The 60m long steam ship Gothenburg was built in Essex (UK) in 1854.
In 1862, Gothenburg began operation in an Australian-New Zealand run as a passenger steamer and later travelled the route from Port Darwin to Melbourne with a crew of 37 and 98 passengers including some prestigious members of society.
Much like the infamous Titanic, Gothenburg’s last trip focused on making the best possible speed under renowned Captain Robert Pearce but, this story also has a notorious twist – stashed away in the Captain’s cabin was approximately 93 kilograms of gold valued at £40,000 (approximately £4,645,891 in 2020).
On 24th February 1875, as Gothenburg steam south down the Queensland coast, it encountered cyclonic weather conditions. At 7pm, Gothenburg struck the southern edge of Detached Reef approximately 131km southeast of Townsville.
Initially there was no panic as the crew and passengers expected the vessel to refloat at high-tide. However, attempts to reverse the vessel ended up ripping holes in the hull and increasing weather conditions meant certain doom.
While attempting to lower the ship’s four life boats, the first two accidently came adrift during the confusion and strong winds swept the boats away before passengers could board. A third boat with women and children capsized when others panicked and tried to board. Passengers and crew fought for their lives as the steamer broke up and by morning, only the masts could be seen above the water.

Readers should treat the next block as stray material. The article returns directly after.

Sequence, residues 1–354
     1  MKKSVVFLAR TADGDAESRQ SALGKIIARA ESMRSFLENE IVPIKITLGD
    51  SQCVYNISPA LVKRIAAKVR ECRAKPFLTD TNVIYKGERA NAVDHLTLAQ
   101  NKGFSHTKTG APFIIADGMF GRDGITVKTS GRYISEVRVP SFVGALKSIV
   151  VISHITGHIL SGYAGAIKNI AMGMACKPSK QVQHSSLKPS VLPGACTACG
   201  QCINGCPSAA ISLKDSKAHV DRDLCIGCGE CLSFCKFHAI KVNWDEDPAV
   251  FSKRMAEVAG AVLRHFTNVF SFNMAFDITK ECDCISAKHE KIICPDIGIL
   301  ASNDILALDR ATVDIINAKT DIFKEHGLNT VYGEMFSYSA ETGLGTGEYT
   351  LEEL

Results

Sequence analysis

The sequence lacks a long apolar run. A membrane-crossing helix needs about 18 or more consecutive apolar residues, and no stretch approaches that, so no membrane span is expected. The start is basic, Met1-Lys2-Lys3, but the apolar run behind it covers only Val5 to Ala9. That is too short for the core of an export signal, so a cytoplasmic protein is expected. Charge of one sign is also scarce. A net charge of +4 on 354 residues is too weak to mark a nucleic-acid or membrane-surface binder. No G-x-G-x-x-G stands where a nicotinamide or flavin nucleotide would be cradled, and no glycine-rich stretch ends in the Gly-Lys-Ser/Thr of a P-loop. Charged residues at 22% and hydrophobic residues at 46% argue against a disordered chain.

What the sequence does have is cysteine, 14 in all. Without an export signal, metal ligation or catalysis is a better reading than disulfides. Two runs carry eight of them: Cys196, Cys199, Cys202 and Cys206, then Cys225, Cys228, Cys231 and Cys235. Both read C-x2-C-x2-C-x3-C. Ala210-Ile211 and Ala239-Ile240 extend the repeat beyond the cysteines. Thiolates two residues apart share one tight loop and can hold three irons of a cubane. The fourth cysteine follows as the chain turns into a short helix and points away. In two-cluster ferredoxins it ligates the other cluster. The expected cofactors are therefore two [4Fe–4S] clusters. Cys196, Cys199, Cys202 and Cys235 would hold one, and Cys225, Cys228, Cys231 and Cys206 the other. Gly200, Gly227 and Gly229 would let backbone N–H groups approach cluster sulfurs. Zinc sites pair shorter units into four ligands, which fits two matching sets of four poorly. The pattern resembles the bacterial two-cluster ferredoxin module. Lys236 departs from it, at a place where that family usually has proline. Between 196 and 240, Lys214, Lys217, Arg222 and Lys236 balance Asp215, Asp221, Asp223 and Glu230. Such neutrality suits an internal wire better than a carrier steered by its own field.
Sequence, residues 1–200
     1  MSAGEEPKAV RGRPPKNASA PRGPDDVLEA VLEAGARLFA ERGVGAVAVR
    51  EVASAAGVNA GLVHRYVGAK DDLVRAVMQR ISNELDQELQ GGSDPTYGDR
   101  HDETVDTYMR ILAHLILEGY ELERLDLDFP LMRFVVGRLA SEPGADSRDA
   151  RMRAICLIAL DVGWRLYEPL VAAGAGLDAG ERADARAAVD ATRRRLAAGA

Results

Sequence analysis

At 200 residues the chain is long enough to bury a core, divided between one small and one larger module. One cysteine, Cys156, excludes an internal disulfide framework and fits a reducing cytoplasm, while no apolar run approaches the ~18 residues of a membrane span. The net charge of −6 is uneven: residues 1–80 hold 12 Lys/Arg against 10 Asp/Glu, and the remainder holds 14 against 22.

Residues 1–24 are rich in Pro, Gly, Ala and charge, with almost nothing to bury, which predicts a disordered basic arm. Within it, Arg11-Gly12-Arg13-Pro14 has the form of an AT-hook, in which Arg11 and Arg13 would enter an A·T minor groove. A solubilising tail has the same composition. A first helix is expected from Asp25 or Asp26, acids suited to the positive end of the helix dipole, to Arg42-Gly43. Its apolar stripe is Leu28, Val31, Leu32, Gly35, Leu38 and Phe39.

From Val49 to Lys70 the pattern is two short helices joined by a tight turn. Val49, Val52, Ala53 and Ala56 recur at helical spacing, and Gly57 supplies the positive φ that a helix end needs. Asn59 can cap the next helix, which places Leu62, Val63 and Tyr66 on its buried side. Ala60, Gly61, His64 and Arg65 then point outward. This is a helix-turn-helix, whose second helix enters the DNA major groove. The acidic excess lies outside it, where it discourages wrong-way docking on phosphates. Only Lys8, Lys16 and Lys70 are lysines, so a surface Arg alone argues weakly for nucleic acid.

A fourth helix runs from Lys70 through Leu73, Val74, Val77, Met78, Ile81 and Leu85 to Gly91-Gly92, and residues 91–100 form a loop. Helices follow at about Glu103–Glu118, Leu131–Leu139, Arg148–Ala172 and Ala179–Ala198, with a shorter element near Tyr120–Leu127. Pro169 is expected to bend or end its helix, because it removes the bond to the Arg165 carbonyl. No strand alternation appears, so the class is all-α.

Twenty-two passengers were rescued but 106 lives were lost including all 25 women and children and all the officers on board. One passenger recalled the horrific sight of “the sea was covered with human heads bobbing up and down like corks.”
Over the next 48 hours, survivors clung to the masts and eventually set sail in a small lifeboat for help. The steamship Leichardt picked up a lifeboat with survivors and went to aid of the wreck.
Two weeks later, a hardhat diver descended to retrieve the lost gold. The diver recounted, “finding the bodies of two women at the foot of the saloon staircase, one with her arm around the other.” The bodies sat just out of reach, the diver’s air hose coming to short and sadly, they were never identified.
With much difficulty, the gold was recovered. Sharks caught near the wreck contained the bodies and remains of humans along with their jewellery.
Today, Gothenburg is a protected wreck. At 63m long, the stern and double boiler are wonderful features on a wreck home to many fish and sharks. Beauty aside, it also lays in memory of the people that lost their lives in this horrific event over 125 years ago.
Compiled by Dr Maddy McAllister, Senior Curator Maritime Archaeology, Museum of Tropical Queensland
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